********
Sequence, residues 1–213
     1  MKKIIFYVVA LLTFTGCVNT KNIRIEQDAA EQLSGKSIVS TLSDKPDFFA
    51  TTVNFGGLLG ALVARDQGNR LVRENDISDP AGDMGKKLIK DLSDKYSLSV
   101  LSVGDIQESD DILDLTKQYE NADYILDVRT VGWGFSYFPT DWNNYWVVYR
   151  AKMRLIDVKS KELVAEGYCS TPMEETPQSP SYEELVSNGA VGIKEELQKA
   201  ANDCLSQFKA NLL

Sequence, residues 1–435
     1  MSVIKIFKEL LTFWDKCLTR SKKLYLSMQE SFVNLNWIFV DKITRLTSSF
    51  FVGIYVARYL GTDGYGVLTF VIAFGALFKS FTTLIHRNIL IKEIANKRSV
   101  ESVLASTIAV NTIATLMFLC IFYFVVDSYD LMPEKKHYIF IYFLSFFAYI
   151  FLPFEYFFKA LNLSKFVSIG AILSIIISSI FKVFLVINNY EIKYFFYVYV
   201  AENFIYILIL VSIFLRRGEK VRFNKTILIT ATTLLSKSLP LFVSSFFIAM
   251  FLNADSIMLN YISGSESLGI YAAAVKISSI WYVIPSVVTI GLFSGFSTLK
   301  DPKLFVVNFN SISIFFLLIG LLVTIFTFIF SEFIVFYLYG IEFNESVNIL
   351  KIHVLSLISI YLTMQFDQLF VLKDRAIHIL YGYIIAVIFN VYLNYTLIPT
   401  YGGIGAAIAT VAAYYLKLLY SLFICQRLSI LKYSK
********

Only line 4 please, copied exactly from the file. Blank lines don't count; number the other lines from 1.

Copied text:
   101  LSVGDIQESD DILDLTKQYE NADYILDVRT VGWGFSYFPT DWNNYWVVYR